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Prime Minister Justin Trudeau announced $20 million in federal funding Wednesday to establish and operate a cell therapy development facility in the MaRS Discovery District in downtown Toronto.
The Centre for Advanced Therapeutic Cell Technologies, to be established and operated by the Centre for Commercialization of Regenerative Medicine (CCRM), is billed as the first cell therapy development facility in the world to use a collaborative approach between research institutions, including UHN and the University of Toronto, and industry to solve cell therapy manufacturing challenges.
"Regenerative medicine is the future," the Prime Minister told an audience of researchers, healthcare executives and businesspeople at MaRS. "And, not only is it the future, it's a branch of medicine that Canada, and the Province of Ontario, are actually quite good at.
"The medical advances and innovations happening right here in Toronto are world class."
UHN is a founding institutional member of CCRM along with the U of T, the Hospital for Sick Children Research Institute, McMaster University, Mount Sinai Hospital's Lunenfeld-Tanenbaum Research Institute and the Ottawa Hospital Research Institute.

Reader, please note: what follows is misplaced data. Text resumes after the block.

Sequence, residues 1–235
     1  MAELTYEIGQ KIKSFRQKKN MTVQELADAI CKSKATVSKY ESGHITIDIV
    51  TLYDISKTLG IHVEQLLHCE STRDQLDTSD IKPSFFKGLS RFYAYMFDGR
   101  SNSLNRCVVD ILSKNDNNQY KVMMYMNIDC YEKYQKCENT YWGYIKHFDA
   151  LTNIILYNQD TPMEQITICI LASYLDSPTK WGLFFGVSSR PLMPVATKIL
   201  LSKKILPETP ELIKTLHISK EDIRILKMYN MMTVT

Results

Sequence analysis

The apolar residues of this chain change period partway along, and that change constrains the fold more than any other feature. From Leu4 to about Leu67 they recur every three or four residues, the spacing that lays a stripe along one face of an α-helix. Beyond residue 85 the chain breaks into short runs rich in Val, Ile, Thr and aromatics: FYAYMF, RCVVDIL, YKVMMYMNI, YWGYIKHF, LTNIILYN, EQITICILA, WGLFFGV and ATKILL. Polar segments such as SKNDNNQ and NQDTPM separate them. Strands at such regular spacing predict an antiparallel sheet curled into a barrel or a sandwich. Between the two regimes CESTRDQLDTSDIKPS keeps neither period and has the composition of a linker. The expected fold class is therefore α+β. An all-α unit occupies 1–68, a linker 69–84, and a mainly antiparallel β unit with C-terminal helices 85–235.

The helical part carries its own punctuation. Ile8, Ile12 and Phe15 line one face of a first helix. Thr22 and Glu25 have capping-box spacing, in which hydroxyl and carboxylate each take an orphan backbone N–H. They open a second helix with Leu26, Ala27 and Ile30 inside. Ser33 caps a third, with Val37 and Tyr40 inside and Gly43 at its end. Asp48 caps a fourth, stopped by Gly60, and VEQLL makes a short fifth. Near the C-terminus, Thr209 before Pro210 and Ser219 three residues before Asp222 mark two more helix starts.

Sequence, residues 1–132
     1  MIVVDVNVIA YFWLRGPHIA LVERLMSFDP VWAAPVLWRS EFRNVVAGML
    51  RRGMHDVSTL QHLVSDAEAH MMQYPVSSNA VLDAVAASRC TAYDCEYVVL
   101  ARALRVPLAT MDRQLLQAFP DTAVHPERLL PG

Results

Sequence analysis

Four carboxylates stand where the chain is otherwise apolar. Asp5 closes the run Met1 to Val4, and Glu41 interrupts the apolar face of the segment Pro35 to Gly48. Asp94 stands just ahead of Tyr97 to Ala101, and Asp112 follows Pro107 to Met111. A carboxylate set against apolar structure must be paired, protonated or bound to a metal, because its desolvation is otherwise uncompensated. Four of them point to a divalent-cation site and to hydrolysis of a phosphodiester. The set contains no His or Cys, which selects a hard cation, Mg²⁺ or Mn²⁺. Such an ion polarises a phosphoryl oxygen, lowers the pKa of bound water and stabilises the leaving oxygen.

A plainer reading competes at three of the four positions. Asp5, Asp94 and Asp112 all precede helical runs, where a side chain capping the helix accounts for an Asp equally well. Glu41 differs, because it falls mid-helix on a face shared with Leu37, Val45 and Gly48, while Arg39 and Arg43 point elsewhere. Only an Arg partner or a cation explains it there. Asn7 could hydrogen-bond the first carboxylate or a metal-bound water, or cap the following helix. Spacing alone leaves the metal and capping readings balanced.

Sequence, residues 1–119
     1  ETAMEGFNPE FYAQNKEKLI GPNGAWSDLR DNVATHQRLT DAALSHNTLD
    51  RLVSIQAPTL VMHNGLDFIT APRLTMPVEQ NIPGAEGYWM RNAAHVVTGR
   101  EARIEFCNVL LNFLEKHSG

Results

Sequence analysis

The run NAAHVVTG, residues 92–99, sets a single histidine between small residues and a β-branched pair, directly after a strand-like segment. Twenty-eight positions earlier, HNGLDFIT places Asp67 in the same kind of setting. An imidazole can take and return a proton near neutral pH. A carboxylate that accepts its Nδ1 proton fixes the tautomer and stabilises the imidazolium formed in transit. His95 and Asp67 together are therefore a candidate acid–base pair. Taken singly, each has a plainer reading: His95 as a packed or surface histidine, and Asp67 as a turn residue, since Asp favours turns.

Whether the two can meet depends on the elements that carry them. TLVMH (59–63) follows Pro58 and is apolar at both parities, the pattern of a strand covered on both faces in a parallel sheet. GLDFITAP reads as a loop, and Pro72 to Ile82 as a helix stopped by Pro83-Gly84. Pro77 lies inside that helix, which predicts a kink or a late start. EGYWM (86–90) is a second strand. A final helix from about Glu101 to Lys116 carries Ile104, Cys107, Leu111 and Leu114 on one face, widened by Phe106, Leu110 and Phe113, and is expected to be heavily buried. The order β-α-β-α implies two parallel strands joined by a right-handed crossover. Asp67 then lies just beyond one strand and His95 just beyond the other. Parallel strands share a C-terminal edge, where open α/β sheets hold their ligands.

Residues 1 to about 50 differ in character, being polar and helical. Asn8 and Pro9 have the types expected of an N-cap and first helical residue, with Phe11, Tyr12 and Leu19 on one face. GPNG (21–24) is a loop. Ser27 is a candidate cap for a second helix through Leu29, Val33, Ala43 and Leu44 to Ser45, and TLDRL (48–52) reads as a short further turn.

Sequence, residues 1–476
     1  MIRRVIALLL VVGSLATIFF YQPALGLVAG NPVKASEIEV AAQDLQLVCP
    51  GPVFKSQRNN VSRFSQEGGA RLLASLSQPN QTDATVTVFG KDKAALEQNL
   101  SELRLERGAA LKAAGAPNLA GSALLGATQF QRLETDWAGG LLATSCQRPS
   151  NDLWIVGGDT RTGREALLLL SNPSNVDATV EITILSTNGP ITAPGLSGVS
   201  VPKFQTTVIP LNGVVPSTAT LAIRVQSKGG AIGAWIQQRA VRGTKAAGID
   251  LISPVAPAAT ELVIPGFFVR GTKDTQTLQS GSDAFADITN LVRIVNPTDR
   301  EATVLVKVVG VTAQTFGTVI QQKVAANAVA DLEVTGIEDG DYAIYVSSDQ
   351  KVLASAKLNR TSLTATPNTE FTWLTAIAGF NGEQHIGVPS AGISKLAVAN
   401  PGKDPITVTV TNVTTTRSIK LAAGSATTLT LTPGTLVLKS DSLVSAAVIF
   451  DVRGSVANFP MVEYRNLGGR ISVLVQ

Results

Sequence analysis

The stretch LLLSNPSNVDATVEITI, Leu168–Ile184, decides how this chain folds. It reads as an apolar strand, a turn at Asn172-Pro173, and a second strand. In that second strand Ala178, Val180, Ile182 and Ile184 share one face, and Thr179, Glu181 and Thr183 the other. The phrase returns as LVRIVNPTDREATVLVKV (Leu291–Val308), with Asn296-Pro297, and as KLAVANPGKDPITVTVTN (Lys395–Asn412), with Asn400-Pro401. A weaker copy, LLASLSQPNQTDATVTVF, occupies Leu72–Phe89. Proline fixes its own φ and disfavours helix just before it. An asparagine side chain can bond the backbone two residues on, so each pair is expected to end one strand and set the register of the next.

Ontario a global hub
With a contribution from GE Healthcare taking the investment to $40 million, the new centre "will accelerate the development and adoption of cell manufacturing technologies," the Prime Minister said.
"The new world-class facility will generate good jobs, strengthen Canada's knowledge economy and position Ontario as a global hub for cell therapy," he said, noting that by 2025 the global market for cell-based therapies is expected to surpass the $20-billion mark.
Michael May, the President and CEO of the CCRM, called the announcement "wonderful news," adding the new facility will also help the cell therapy industry "overcome critical manufacturing bottlenecks.
"Most importantly, the outputs of this centre will enable access to revolutionary medical treatments for patients around the world," he said.